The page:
The first United Nations commission on human rights abuses in North Korea began its official investigation by interviewing defectors in South Korea, sources said Wednesday.
The sources at Free the NK Gulag said officials from the United Nations Commission of Inquiry for North Korea carried out interviews with people who escaped from the communist country.
It said the two officials met eight people from Tuesday onwards and received testimonies that they had been personally subjected to human rights abuses or witnessed such acts being performed on others. The COI investigators from the U.N. High Commissioner for Refugees are expected to meet with defectors until Aug. 7.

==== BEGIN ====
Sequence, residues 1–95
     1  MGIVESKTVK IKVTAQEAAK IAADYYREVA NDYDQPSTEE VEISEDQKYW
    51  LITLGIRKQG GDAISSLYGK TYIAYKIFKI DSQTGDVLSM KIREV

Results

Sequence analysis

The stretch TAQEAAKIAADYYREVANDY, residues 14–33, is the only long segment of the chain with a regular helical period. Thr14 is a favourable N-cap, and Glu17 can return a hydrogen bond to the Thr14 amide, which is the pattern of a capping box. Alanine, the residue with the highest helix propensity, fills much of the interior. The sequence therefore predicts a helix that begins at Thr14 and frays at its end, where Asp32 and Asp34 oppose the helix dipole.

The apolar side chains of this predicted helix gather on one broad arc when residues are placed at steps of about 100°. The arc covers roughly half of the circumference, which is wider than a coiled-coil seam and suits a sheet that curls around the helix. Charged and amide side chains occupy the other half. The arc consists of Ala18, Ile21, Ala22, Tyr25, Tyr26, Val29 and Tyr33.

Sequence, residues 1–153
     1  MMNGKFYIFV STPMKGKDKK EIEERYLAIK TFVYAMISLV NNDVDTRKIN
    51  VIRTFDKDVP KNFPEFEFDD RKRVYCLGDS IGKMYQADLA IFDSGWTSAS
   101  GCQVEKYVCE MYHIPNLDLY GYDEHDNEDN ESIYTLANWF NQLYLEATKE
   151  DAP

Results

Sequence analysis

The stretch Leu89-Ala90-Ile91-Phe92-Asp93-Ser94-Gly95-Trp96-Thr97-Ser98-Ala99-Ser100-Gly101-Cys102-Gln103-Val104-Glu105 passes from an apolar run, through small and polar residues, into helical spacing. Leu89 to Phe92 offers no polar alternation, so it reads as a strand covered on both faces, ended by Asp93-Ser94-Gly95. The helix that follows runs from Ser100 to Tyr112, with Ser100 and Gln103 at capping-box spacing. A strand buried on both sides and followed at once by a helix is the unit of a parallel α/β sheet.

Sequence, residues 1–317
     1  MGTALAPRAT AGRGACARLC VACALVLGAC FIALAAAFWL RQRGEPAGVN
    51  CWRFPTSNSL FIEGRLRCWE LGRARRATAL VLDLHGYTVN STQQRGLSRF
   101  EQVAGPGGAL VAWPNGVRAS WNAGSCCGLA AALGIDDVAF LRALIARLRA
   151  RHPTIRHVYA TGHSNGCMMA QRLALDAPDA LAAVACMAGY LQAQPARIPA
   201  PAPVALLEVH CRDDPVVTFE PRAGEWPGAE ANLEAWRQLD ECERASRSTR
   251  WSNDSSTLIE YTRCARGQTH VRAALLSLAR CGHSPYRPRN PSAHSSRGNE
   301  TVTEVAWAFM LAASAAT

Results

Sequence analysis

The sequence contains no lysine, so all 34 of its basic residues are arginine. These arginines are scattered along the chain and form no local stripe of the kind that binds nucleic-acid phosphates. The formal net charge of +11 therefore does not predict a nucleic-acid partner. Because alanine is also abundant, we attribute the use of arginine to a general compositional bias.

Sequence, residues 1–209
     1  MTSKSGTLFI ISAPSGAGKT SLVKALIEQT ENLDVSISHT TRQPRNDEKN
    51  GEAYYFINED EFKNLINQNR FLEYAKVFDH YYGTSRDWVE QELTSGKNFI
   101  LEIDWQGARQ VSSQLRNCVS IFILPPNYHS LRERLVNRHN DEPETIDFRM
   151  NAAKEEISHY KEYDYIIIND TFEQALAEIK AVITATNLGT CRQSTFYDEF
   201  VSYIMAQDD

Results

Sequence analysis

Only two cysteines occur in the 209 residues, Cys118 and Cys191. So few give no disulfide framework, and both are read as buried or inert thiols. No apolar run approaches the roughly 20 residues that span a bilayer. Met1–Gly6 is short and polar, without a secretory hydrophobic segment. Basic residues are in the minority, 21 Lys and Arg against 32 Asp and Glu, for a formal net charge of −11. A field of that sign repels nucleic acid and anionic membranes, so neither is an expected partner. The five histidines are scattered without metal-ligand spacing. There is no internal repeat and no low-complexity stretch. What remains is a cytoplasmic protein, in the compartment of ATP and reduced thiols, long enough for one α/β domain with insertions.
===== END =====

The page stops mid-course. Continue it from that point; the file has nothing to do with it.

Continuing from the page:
There are some 25,000 North Korean escapees living in the South who can provide firsthand accounts of conditions in the country.
A source at the defectors group said besides the interviews, three other researchers from the UN commission will arrive in the country next month and hold a four-day hearing on human rights conditions.
They will examine claims of abuses carried out in political prison camps and other abuses of North Koreans by the state. They will also determine discrimination between genders, suppression of freedom of speech and movement restrictions, as well as other basic human rights violations.
The COI plans to submit an interim report on human rights conditions in the North to the UNHCR and the U.N. General Assembly in September and October, respectively, while it will forward a final report in March 2014, which would allow the international community to gain a comprehensive glimpse into conditions in the isolationist country. (Yonhap News)